The gospel works. I have seen its power to transform human life. I can affirm, as Gerard Manley Hopkins did, that “Christ plays in ten thousand places, lovely in limbs and lovely in eyes, not his, to the Father, through the features of men’s faces.” New converts and returned missionaries, who in their testimonies unexpectedly speak “with the tongues of angels,” a simple eloquence not of their own resources. Parting words of a beloved friend near death, before whom the veil grew suddenly thin to transparency. Lives redirected and imbued with sudden beauty, to rival anything narrated by a Dickens or a Hugo (whose stories of redemption resonate with their own transcendent power and familiarity).

Finally, the restored gospel is a gospel of liberality and generosity. It took my former-Catholic wife Fiona to teach me that the church John saw did not disappear; it retreated into the wilderness. Joseph Smith saw the Restoration as a bringing of that church back out of the wilderness, a restoration of the “ancient palace” now reduced to ruins, a reassembling of all the good and beautiful in the world and in the Christian tradition, that had been lost or corrupted from Eden forward. The church I love has invisible borders, and reminds me of what was written of Spinoza, that “he rejected the orthodoxy of his day not because he believed less, but because he believed more.” Or as Joseph wrote, “it feels so good not to be trammeled.”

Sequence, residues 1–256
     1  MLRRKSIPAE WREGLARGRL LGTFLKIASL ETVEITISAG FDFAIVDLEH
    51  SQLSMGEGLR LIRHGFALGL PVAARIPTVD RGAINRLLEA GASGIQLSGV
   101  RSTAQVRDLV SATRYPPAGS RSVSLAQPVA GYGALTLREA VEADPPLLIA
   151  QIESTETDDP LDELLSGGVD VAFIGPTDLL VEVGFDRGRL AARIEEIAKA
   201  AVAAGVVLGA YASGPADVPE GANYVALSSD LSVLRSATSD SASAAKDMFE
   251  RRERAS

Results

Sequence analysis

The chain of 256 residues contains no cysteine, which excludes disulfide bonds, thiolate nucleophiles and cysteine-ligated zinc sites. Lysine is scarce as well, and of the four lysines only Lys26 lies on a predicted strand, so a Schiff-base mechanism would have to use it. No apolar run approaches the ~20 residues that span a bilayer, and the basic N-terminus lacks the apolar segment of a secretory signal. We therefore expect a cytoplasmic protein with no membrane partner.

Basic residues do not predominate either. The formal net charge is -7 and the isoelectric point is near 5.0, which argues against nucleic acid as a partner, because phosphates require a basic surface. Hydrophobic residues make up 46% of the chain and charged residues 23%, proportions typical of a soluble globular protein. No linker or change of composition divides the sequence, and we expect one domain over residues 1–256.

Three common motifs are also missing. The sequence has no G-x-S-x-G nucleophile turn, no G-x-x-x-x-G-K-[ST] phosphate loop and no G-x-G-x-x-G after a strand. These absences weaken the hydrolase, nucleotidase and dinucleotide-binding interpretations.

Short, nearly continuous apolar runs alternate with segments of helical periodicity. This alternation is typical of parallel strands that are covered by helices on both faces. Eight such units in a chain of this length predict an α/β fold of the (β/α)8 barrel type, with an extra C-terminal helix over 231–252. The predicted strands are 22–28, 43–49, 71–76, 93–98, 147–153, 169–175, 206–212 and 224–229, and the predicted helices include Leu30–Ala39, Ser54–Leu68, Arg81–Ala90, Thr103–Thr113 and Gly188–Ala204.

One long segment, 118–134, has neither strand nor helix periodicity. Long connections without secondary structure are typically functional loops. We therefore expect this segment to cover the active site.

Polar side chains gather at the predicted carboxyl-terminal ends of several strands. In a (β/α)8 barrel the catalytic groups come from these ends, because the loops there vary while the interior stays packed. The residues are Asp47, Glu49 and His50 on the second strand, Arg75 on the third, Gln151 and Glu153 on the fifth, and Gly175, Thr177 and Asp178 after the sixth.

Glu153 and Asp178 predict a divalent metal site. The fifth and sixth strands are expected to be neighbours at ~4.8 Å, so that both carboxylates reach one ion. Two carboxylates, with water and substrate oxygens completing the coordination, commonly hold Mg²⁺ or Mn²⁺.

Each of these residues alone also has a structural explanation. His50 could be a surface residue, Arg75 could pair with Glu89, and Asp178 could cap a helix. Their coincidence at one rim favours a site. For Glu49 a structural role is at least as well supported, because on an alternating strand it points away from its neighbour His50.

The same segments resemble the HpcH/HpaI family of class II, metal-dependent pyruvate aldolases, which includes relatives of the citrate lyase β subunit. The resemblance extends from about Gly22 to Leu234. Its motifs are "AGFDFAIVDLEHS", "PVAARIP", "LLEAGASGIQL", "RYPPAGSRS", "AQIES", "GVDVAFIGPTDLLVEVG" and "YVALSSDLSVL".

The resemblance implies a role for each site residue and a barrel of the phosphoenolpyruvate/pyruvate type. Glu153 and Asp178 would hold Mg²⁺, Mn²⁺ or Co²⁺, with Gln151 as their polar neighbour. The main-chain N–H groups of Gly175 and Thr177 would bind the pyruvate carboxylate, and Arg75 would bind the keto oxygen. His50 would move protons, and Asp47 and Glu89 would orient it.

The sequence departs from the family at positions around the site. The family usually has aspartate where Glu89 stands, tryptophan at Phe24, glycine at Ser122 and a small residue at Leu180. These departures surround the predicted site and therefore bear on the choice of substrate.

For myriad reasons, but these five principally, I choose and affirm this path in order better to live as what Elder Uchtdorf calls “a disciple of the gentle Christ.”

Thursday, November 4, 2010

Provocative Posts (and a negative experience with "protocol")

I appreciate thought-provoking posts, especially when they tap into topics I've personally been thinking about. Such was the case with Families, Eternal and Otherwise by Brad at By Common Consent, and also with The Irreconcilable Voices in D&C 132 by Caroline at The Exponent.

I told my wife after reading this last one that it stole my thunder. I'd been planning on posting about Section 132 and my concerns that the same tender Lord who tells the Saints earlier in the Doctrine and Covenants that he will lead them by the hand now transforms into the Old Testament voice and tells Emma Smith that she'll be "destroyed" if she didn't get on board with plural marriage.

I read another thought-provoking post yesterday by BIV at Wheat and Tares: Unveiling the 2010 Church Handbook of Instructions. I've been wondering if there had been some recent letter of instruction to bishoprics lately, but new instructions in a new handbook might shed some light on a trend I've been noticing lately. I shared my observations there:

I’ve had several personal experiences lately with being asked to present my temple recommend before participating in baby blessings, and it definitely rubs me the wrong way. (And for disclosure purposes, I have a temple recommend.) But it just kind of seemed wrong-headed to me; doesn’t feel “right”.